The coronavirus pandemic has us all sitting on the edge of our chairs, wondering what will come next and when it will be over.
In some ways it is like waiting for a hurricane. But many of us today feel more frightened than when we are facing a storm or flood waters.
When a hurricane approaches, we watch its progress, and within a few days we know the outcome. We anxiously watch flood waters rise and start to recede. Then we roll up our sleeves and go about the business of recovering and rebuilding. Kaua‘i is very good at this. We’ve had a lot of experience.
A pandemic is a different kind of natural disaster. Many of us have watched its progress for months. Unlike a hurricane or tsunami, the pandemic’s end is far in the future.
In this disaster, our community working together can minimize the impacts. We can weather this storm with less damage than it has caused in other parts of the world.
Why do I think we may be more successful than others?
We can control travel to and from our community. Through efforts by the mayor and the governor, arrivals from out-of-state and even from other islands are much reduced. This means fewer opportunities for the virus to be imported to our community, and better protection for us.
As I write this, all the COVID-19 cases on Kaua‘i became ill as a result of being exposed elsewhere. We are the only county in the state that has not yet experienced community transmission of COVID-19, meaning no one has picked up the virus in our community.
We are at a critical juncture on Kaua‘i. The earliest cases were visitors, but now most are Kaua‘i residents returning from travel to the mainland. When residents come home, we don’t stay in hotel rooms and visit tourist sites. We go to our homes and greet our loved ones, often in crowded, multi-generational houses. We like to be together and we can’t avoid being together. This puts all of us at greater risk.
As Kaua‘i District Health Officer, I want to express my deep appreciation for everything our residents are doing. We are all making sacrifices: some by working long hours to maintain essential services, and most by staying home as much as possible.
The kinds of measures we are using on Kaua‘i have worked before in other locations and in other epidemics. But they don’t work immediately.
COVID-19 has an incubation period of up to two weeks. It can take as long as two weeks for a person to get sick after being exposed to another ill individual. So the new cases are in people exposed before the mayor and governor put in place measures like the overnight curfew, the stay-at-home order, and the 14-day quarantine on travelers. Those measures are powerful, and we will see their impact. It will take two to four weeks to see the slowing of disease spread. But we will only see the flattening of the curve if we all act together and we follow these powerful directives, now and in the weeks to come.
Here are the things we can all do to continue to protect our island:
1. “Stay at home” means just that. All of us should be staying at home as much as possible. That includes workers with essential duties. They need to come to work, but when they are not at work they should be at home. When getting food, caring for others or exercising, each of us needs to spend as little time with others as possible. The less interaction we have with other people, the less opportunity we give the coronavirus to spread from person to person;
2. If you are sick, stay home at all times. This is especially important if you have essential duties. The last thing you want to do is to expose other essential workers;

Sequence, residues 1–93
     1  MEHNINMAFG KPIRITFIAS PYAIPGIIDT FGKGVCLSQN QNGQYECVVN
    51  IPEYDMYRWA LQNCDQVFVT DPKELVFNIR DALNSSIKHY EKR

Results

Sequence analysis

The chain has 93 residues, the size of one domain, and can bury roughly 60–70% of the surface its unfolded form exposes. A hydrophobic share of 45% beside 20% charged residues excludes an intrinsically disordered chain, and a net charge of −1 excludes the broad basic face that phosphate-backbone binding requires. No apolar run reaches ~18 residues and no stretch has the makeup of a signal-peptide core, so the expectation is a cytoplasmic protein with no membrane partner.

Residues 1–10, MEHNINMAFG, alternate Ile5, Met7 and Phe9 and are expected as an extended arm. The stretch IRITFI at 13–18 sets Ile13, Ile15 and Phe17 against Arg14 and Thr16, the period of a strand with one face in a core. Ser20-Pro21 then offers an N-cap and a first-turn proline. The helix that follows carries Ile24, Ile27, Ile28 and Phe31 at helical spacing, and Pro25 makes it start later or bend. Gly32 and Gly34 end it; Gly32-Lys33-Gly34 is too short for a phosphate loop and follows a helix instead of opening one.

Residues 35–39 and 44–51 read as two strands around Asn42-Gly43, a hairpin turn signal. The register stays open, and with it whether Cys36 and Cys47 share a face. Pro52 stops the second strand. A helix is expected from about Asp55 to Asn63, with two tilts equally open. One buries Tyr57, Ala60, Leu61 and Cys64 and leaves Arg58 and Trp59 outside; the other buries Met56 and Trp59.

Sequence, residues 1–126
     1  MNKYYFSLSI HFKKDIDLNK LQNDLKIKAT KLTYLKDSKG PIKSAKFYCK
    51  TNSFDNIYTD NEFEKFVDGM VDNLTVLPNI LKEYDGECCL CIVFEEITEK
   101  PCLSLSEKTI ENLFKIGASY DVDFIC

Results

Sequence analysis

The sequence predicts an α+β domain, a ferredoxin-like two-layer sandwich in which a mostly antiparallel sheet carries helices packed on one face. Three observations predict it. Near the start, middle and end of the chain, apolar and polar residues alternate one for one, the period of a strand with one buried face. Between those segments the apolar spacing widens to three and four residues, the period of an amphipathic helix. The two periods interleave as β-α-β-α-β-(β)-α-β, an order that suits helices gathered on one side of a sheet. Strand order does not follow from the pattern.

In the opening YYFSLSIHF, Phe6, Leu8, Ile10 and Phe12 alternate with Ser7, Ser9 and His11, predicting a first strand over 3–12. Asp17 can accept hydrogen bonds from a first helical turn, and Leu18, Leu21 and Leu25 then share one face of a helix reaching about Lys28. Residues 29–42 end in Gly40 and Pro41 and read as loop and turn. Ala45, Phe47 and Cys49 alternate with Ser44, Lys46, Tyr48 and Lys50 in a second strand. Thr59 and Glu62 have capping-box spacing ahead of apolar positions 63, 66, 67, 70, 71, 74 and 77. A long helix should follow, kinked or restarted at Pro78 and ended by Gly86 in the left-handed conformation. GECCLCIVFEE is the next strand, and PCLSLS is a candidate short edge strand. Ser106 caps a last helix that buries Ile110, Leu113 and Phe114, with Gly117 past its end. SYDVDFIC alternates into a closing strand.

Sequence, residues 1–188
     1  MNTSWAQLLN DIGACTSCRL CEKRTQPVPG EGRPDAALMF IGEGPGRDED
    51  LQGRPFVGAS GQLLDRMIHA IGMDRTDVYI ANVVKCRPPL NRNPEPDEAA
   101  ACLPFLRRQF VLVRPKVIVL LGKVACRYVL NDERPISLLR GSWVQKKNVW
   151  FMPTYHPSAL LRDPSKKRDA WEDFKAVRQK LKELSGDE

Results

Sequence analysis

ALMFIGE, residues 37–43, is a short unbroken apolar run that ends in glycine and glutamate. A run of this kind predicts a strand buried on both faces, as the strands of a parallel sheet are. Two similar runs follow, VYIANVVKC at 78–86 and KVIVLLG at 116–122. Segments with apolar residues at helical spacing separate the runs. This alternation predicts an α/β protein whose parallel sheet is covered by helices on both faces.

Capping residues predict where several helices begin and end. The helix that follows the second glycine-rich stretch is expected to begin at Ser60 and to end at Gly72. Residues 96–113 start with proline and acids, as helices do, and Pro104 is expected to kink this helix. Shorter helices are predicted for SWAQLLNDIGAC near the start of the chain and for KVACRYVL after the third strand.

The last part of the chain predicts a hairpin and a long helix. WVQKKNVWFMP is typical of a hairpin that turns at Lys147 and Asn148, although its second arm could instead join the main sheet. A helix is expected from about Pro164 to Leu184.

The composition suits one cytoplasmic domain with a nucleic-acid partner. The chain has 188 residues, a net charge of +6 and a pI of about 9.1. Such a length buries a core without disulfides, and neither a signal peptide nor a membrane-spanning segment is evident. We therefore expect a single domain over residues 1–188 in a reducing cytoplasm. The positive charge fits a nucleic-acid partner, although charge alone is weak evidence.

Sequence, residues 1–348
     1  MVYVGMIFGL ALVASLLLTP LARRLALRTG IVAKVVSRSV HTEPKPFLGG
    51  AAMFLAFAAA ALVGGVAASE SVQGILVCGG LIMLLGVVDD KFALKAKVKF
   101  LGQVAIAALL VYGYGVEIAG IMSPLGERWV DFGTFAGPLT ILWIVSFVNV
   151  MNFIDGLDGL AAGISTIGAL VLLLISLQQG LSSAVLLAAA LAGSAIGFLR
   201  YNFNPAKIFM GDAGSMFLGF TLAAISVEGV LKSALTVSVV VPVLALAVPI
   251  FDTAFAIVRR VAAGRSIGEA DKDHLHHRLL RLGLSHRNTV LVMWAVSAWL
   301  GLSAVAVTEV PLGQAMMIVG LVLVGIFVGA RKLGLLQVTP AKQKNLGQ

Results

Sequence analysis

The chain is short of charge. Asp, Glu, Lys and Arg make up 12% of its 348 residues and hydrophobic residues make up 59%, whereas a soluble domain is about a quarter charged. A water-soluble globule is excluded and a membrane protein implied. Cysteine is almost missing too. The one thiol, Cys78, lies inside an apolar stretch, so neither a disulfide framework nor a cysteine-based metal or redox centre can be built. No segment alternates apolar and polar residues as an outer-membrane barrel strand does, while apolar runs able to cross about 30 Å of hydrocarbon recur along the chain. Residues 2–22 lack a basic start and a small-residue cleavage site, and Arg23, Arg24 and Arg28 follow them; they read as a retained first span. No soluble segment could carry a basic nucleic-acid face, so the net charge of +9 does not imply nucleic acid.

3. Avoid traveling off-island. Even travel to neighbor islands poses more risk than staying home. Mainland or foreign travel poses even greater risk. Everyone who travels must stay home at all times for 14 days after returning;
4. Wear a simple mask any time you go out or are around others. Keep your germs to yourself. You don’t need a surgical mask or a respirator. Our health-care workers and first responders need those. A home-made cloth mask or even a bandana will keep your germs to yourself: “My mask protects you and your mask protects me.” Together we can protect each other;
5. At all times, whether at home or at work in an essential function or working from home, observe the basics:
• Keep a distance of six feet from others;
• Wash your hands frequently and thoroughly;
• Cover your coughs and sneezes;
• Clean surfaces frequently;
• Avoid large groups and gatherings.
These are unusual times. We need to be kind to ourselves and those around us. Please be generous in whatever ways you can, and don’t hesitate to ask for help. There is no shame in having this disease or in experiencing any of its far-reaching consequences — emotional, financial, fear, loss and anxiety. Reach out to those who can help and take time for the activities that sustain you.
Finally, a word about testing. If you think you need to be tested for COVID-19, here are some things you should know:
• You must call your doctor first and discuss your concerns. If you and your health-care provider decide that you need to be tested, your doctor will order the test;
• After you have an order from your doctor, you should follow his/her directions to be tested;
• While you wait for the results of your test, you must stay at home in quarantine. If the result is positive, your doctor and the Department of Health will contact you with further instructions;
• Please note that being tested when you feel well is not generally recommended. A negative test today does not mean you won’t become sick tomorrow. Similarly, a negative test will not shorten your quarantine period.
Thank you for doing your part to protect your community.
Dr. Janet Berreman is the state Department of Health Kaua‘i district health officer.